Port of San Francisco Company History Timeline

1835

Fifty years later, in 1835, Captain W.A. Richardson was designated as the port s first Harbor Master.

1848

Long Wharf or Central Wharf now Commercial Street was the first major pier built in San Francisco 1848 50 . It eventually extended 2,000 feet into the Bay over shallow water and mud flats that prevented ships from docking at the shoreline.

1850

By the Fall of 1850, about six thousand feet of pier space, extending into the bay like the fingers of two large hands and costing about one million dollars, had been constructed.

1851

Some wharves were developed to such an extent that by 1851-52, they were small cities of stores, shops, and storeships lining the waterfront.

San Francisco also had its share of savory characters, so much so that in 1851 the first Vigilance Committee was established.

1863

The Port traces its official beginning to this date in 1863, but the Port s history goes back much further in time.

In 1863, Governor Leland Stanford signed legislation Senate Bill 90 creating a Board of State Harbor Commissioners for San Francisco to better serve maritime commerce for the entire state and to protect the waterfront from total private control.

1867

He bought the business in 1867 and renamed it G.T. Brown Co., continuing his efforts to document the gold rush towns and other Bay Area settlements.

1872

Brown sold his business in 1872 in order to devote his time to traveling and painting.

1875

On October 2, 1875, the Palace Hotel officially opened.

The Palace Hotel below , built in 1875, envisioned by William Chapman Ralston and William Sharon, was reputedly the largest, most luxurious and costly hotel in the world.

1880

By 1880, over two and a half miles of seawall were completed from Fisherman s Wharf in the north to China Basin Channel in the south.

1892

In 1892, planning began to replace the Ferry House with a new, efficiently planned building designed by A. Page Brown.

1898

In 1898, the Ferry Building rose at the foot of Market Street as headquarters for the Harbor Commission and a vast ferry boat fleet that served the entire Bay.

The army first shipped men and supplies to the Pacific through San Francisco in 1898 during the Spanish-American War.

1900

Six million tons of goods from around the world passed through the Port in 1900.

1906

Like most of the waterfront, the Ferry Building escaped virtually unscathed in the 1906 earthquake and fire that destroyed most of downtown San Francisco.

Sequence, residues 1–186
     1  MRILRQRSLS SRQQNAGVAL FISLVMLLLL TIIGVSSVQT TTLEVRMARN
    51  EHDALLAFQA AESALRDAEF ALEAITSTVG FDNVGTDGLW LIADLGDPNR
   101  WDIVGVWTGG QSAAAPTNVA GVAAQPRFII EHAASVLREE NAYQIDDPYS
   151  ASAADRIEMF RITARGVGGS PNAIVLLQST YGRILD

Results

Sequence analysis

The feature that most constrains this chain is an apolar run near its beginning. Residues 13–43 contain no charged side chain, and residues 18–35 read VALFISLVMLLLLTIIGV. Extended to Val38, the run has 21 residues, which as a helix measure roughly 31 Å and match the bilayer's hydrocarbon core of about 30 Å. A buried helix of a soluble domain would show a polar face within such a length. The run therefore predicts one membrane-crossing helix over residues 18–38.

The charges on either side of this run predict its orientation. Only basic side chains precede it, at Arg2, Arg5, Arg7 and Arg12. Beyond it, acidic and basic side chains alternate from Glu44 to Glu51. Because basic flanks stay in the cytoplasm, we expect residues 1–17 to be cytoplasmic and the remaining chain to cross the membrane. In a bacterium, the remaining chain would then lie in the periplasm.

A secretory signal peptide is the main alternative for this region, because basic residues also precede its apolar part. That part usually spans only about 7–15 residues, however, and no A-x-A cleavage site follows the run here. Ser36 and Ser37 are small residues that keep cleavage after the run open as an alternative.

1908

The Port had constructed 23 piers along the waterfront by 1908.

1912

As early as 1912, Fort Mason served as the headquarters for the San Francisco Port of Embarkation.

1914

Maritime commerce flourished and the Port experienced a steady increase in trade after the opening of the Panama Canal in 1914.

1915

The Port of Embarkation, completed in 1915, included three long wharves designed so the transport ships could align up against them supplies were stored in adjacent warehouses and sheds.

1922

Tonnage at the Port increased sharply to 14.5 million tons in 1922.

1939

In the fall of 1939, the SFPE personnel had expanded to 130 military personnel and over 500 working civilians.

1945

Following the end of the war in 1945, the Port faced another identity crisis brought on by containerization.

1959

The Ferry Building and Embarcadero were blocked by the Embarcadero Freeway beginning in 1959, creating a dramatic physical barrier between the waterfront and the city.

1972

In 1972, the San Francisco Port of Embarkation was listed as a National Historic Landmark.

1991

To learn detailed information about the historic buildings, download the San Francisco Port of Embarkation Historic Structure Report NPS, 1991 PDF 24 MB.

2000

For the first four deserters who have left any ship or ships of the Squadron since the 4th day of July last, 2000 two thousand dollars, or 500 each.

2013

On April 24, 2013 the Port of San Francisco celebrated the 150th anniversary of the creation of the State Harbor Commission.

All eyes are on San Francisco's waterfront, as the city prepares for the 34th America's Cup, to be held in San Francisco in 2013.

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